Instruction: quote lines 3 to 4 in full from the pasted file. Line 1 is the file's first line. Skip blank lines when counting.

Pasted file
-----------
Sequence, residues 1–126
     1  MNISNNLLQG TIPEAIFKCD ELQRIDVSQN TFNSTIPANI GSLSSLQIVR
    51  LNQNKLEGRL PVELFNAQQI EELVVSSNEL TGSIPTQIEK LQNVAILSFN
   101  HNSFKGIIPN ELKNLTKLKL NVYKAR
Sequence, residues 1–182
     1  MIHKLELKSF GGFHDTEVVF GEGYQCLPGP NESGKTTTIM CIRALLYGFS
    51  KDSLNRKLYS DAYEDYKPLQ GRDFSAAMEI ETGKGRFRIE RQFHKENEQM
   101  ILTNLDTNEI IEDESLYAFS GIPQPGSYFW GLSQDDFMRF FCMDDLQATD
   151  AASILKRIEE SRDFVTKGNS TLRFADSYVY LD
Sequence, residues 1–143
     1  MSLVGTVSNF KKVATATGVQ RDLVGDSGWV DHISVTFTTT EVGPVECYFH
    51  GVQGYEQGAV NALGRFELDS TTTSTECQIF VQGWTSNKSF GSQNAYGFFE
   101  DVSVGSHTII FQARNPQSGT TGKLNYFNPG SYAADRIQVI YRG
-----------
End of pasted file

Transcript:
    51  LNQNKLEGRL PVELFNAQQI EELVVSSNEL TGSIPTQIEK LQNVAILSFN
   101  HNSFKGIIPN ELKNLTKLKL NVYKAR